Newbie Help please


#1

Good day All, please help ID this cartridge. I know very little about hand gun ammo and have started cataloging my very new collection.


Case Length 18,3mm
Bullet 9,5mm
Rim 10mm

Many thanks,

Jonathan


#2

9x18 mm Makarov, made at Yuryusan, Chelyabinsk, Russia.

Code 38 was used for Tula until 1941 when it was moved to Yuryusan. Post-1941, 38 indicates Yuryusan.
It closed in 1989, upon which production restarded in Tula, using code 539.

Ole


#3

Thank you Ole, need to start learning about these calibers! need help with two more please.

38 S&W on the right for reference.

Thanks


#4

British/Commonwealth ammunition is admittably my weakest point but R/|\L is Royal Laboratory, Woolwich, London.

What are the measurements?
Middle looks like .455 Webley, Mk I. As far as I remember the heavy cannelure is a telling sign it’s loaded with cordite (as opposed to blackpowder).

Ole


#5

Middle as follows:
Case length 22 mm
Bullet 11,5 mm
Rim 13,5 mm

Left as follows:
Case length 20 mm
Bullet 11 mm
Rim 13 mm

Regards,
J


#6

Cartridge on the left is a 10.4mm Italian Ordnance Revolver round made by Pirotechnia di Capua, Italy in 1935. LN does not stand for the maker, but the inspector, Leggiadore, Nicola if dated 1914 - 1935. The C stands for Capua.

Joe


#7

10.4 Italian “Bodeo” on the left, British .455 MkI in the center.


#8

Wow, I can’t imagine how the 10.4mm ended up in the middle of the Free State in South Africa??? Last one please guys…


Mkiv Webely?


#9

Which not to confuse SAAavage is one and the same as 10.4mm Italian Ordnance Revolver.
Other common names are;
10.35mm Bodego
10.35mm Chamelot-Delvigne revolver M. 1874
10.35mm Glisenti M. 1889
10.35mm Italian Revolver
10.4mm Chamelot, Delvigne & Schmidt M. 1872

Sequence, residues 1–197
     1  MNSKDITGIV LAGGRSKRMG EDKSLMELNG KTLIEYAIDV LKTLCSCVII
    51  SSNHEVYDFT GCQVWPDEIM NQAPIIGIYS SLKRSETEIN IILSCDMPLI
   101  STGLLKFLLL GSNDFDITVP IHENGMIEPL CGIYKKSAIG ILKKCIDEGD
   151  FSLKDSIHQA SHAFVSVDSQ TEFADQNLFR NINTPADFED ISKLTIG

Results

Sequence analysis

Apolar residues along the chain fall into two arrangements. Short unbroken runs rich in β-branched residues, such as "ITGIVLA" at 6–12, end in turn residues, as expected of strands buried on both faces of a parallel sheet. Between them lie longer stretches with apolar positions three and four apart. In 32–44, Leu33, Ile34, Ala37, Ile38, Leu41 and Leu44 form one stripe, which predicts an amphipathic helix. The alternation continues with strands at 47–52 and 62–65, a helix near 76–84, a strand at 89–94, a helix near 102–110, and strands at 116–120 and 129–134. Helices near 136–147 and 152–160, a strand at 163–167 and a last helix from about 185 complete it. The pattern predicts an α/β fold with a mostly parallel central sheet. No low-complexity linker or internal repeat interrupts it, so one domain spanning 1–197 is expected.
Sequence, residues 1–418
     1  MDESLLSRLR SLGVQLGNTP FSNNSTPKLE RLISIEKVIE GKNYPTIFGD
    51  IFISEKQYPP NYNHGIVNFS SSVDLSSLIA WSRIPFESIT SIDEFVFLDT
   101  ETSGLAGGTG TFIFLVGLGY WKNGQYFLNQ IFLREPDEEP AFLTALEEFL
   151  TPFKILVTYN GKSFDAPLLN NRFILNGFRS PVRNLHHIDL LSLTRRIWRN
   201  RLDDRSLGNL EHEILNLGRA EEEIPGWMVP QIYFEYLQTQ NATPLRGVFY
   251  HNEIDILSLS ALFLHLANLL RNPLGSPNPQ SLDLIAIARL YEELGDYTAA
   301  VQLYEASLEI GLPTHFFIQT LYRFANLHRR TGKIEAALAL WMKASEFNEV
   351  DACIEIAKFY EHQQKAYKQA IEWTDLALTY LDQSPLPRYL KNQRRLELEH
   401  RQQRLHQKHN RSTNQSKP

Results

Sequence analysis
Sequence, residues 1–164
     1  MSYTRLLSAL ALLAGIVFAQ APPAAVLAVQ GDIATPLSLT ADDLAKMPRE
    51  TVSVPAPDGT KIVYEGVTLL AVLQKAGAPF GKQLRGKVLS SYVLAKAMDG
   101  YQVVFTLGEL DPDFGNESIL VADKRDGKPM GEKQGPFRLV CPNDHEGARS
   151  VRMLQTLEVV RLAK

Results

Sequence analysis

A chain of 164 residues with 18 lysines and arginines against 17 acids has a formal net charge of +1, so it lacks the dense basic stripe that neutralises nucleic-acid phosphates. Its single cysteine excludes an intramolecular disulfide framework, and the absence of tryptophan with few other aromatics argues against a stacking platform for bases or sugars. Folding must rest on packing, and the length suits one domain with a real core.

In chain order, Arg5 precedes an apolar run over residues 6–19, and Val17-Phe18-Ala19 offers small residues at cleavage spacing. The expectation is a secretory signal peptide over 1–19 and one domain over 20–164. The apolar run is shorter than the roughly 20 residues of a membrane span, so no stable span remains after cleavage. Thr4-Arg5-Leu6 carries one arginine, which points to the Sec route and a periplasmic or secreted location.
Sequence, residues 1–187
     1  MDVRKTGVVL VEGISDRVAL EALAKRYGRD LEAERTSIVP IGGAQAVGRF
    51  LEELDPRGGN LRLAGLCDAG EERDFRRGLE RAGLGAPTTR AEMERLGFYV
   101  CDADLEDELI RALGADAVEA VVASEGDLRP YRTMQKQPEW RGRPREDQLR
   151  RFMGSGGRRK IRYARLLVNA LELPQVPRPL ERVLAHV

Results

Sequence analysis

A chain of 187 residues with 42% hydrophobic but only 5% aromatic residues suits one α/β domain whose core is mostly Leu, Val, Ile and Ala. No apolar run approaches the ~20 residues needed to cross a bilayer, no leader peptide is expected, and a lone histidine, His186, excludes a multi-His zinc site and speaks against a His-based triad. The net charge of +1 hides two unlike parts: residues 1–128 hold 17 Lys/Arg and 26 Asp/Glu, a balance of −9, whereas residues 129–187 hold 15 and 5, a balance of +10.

10.4mm Glisenti Revolver M. 1889

Joe


#10

Joe that is enough to get one confused…
I think I will go with 10,4mm Glisenti Italian Revolver C35 for my records.


#11

The last appears to be a MkIV Webley round, but the belt at the case mouth looks odd to me, without running downstairs to look at mine. Does it have a flat bullet tip or a deep/wide hollow point? I’m not sure from the pic.


#12

Flat bullet tip Jonnyc. I am not lucky enough to have a “Man Stopper”

dd


#13


#14


#15

Thank you, my Mkiv just looks so much older than my Mki…I keep forgetting about Tony E’s site to look up British Military cartridges.


#16

SA Savage,
What is the headstamp on your .38 S&W in the 4th picture?

Thanks,
Dan


#17

Dan it is a SANDF cartridge HS 9.65 R1 M1 A80.
The box it comes in has 9.65X19.5R Ball R1M1 on it.

J


#18

Thanks!
I’m not fimiliar with that headstamp. The bullet looks more Webley than S&W to me.

Dan


#19

The South African 9.65mm (38 S&W) was loaded with a projectile with a similar profile to that of a 9x19 para (the one I have is headstamped PMP 72 .380 S&W) later ones would be headstamped as 9.65 much the same as later .303" were headstamped as 7.7mm…the Mk IV .455" is a commercial ‘buy in’ as indicated by the two broad arrows which are accepted into service marks which may explain the ‘odd’ features of this round.

Tony